Growing Object-Oriented Software, Guided by Tests

Steve Freeman - 2009
    This one's a keeper." --Robert C. Martin "If you want to be an expert in the state of the art in TDD, you need to understand the ideas in this book."--Michael Feathers Test-Driven Development (TDD) is now an established technique for delivering better software faster. TDD is based on a simple idea: Write tests for your code before you write the code itself. However, this simple idea takes skill and judgment to do well. Now there's a practical guide to TDD that takes you beyond the basic concepts. Drawing on a decade of experience building real-world systems, two TDD pioneers show how to let tests guide your development and "grow" software that is coherent, reliable, and maintainable. Steve Freeman and Nat Pryce describe the processes they use, the design principles they strive to achieve, and some of the tools that help them get the job done. Through an extended worked example, you'll learn how TDD works at multiple levels, using tests to drive the features and the object-oriented structure of the code, and using Mock Objects to discover and then describe relationships between objects. Along the way, the book systematically addresses challenges that development teams encounter with TDD--from integrating TDD into your processes to testing your most difficult features. Coverage includes - Implementing TDD effectively: getting started, and maintaining your momentum throughout the project - Creating cleaner, more expressive, more sustainable code - Using tests to stay relentlessly focused on sustaining quality - Understanding how TDD, Mock Objects, and Object-Oriented Design come together in the context of a real software development project - Using Mock Objects to guide object-oriented designs - Succeeding where TDD is difficult: managing complex test data, and testing persistence and concurrency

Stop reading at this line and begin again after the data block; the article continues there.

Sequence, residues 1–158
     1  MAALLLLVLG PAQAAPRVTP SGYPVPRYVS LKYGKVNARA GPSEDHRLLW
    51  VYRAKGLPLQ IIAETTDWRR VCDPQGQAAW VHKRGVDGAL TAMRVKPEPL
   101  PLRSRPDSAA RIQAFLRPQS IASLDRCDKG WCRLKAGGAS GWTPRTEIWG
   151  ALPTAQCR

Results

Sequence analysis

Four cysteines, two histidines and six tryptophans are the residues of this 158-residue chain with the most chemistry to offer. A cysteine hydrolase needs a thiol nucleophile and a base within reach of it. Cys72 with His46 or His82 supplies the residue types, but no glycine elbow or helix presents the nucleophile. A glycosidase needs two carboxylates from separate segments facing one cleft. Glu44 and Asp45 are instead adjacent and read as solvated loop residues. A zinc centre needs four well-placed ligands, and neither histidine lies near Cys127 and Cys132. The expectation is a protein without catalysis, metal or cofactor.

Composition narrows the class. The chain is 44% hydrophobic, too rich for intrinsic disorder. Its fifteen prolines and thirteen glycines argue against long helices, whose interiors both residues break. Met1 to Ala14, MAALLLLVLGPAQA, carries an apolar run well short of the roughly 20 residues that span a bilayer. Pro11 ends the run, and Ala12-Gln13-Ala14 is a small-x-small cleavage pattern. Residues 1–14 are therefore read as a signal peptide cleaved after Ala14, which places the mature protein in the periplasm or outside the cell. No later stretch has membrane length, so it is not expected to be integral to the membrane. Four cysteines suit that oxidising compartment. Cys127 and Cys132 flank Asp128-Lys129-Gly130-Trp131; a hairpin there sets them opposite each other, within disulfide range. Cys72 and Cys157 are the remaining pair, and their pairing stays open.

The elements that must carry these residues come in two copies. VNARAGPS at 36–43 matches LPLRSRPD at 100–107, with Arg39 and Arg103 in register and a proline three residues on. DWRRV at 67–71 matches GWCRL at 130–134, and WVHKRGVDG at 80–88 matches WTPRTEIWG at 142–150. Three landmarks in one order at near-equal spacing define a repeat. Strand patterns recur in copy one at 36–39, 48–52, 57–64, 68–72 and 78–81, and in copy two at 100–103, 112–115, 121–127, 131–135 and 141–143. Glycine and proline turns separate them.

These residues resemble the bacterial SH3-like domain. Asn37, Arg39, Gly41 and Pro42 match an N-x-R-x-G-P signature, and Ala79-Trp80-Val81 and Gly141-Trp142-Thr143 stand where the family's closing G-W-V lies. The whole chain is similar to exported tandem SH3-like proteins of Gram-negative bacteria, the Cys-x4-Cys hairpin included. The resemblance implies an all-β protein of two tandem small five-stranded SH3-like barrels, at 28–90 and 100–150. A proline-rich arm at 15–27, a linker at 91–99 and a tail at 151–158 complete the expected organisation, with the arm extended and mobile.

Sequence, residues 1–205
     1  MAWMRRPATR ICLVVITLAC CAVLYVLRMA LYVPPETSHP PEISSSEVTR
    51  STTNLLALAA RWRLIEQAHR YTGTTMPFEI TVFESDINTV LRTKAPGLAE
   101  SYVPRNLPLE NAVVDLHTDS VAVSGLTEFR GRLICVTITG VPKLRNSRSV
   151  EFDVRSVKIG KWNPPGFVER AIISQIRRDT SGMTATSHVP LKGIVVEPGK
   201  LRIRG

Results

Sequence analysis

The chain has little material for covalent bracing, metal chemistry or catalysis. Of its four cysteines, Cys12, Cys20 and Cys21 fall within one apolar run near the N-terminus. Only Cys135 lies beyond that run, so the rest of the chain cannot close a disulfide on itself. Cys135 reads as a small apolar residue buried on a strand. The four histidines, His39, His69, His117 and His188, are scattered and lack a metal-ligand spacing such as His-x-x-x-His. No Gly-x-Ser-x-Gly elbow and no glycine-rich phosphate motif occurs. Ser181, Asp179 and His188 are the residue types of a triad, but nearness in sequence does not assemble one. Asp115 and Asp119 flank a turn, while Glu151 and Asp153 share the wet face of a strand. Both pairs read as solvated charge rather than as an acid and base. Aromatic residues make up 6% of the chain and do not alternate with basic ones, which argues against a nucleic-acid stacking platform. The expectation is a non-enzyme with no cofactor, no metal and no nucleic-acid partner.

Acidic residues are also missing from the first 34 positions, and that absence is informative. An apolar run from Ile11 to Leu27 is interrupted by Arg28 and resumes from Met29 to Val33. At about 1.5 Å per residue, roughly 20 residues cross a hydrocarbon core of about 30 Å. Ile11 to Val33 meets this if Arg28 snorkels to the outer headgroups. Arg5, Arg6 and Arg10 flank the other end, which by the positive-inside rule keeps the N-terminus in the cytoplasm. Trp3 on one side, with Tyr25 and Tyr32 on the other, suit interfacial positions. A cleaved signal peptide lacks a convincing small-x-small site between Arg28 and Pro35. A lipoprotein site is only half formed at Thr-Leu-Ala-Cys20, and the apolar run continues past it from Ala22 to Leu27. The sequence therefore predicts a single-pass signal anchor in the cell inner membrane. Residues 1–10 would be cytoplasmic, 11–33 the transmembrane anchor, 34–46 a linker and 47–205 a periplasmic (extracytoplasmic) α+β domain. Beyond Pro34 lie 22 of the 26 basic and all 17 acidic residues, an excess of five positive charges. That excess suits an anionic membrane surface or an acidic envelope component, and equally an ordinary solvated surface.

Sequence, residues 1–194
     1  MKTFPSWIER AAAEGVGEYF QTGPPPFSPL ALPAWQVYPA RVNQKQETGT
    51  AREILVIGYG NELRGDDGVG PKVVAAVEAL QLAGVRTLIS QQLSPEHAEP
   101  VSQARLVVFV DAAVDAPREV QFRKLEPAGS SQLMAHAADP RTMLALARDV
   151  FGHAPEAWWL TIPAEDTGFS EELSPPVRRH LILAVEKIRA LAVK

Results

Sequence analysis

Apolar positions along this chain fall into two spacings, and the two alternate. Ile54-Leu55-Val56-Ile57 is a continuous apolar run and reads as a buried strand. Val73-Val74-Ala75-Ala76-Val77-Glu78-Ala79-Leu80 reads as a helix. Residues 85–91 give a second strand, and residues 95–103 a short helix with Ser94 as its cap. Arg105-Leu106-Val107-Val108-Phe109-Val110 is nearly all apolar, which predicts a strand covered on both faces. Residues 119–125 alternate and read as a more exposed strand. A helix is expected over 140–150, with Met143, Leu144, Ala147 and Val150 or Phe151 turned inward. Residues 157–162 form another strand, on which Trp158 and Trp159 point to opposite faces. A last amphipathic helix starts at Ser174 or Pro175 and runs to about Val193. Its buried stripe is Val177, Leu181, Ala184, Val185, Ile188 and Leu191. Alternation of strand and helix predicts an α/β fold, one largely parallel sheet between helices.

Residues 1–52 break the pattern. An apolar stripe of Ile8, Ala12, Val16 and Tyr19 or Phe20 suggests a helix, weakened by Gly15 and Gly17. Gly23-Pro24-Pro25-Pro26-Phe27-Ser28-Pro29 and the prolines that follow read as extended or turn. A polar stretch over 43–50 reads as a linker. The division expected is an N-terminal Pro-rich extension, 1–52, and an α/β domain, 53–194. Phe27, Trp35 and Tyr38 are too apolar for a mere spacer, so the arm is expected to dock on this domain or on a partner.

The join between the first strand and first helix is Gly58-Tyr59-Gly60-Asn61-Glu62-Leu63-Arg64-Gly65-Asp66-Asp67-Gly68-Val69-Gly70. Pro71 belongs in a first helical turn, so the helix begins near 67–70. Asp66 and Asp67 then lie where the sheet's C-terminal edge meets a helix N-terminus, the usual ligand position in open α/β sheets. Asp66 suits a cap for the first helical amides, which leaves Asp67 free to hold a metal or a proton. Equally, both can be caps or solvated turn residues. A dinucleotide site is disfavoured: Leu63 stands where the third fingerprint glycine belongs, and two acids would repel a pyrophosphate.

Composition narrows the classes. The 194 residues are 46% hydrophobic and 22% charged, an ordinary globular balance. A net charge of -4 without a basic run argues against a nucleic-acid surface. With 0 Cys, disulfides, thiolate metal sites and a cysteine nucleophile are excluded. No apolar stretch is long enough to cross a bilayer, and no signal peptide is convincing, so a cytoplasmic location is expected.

Working Effectively with Legacy Code

Michael C. Feathers - 2004
    This book draws on material Michael created for his renowned Object Mentor seminars, techniques Michael has used in mentoring to help hundreds of developers, technical managers, and testers bring their legacy systems under control. The topics covered include: Understanding the mechanics of software change, adding features, fixing bugs, improving design, optimizing performance Getting legacy code into a test harness Writing tests that protect you against introducing new problems Techniques that can be used with any language or platform, with examples in Java, C++, C, and C# Accurately identifying where code changes need to be made Coping with legacy systems that aren't object-oriented Handling applications that don't seem to have any structureThis book also includes a catalog of twenty-four dependency-breaking techniques that help you work with program elements in isolation and make safer changes.

Test-Driven Development: By Example

Kent Beck - 2002
    While some fear is healthy (often viewed as a conscience that tells programmers to be careful!), the author believes that byproducts of fear include tentative, grumpy, and uncommunicative programmers who are unable to absorb constructive criticism. When programming teams buy into TDD, they immediately see positive results. They eliminate the fear involved in their jobs, and are better equipped to tackle the difficult challenges that face them. TDD eliminates tentative traits, it teaches programmers to communicate, and it encourages team members to seek out criticism However, even the author admits that grumpiness must be worked out individually! In short, the premise behind TDD is that code should be continually tested and refactored. Kent Beck teaches programmers by example, so they can painlessly and dramatically increase the quality of their work.

Code Complete

Steve McConnell - 1993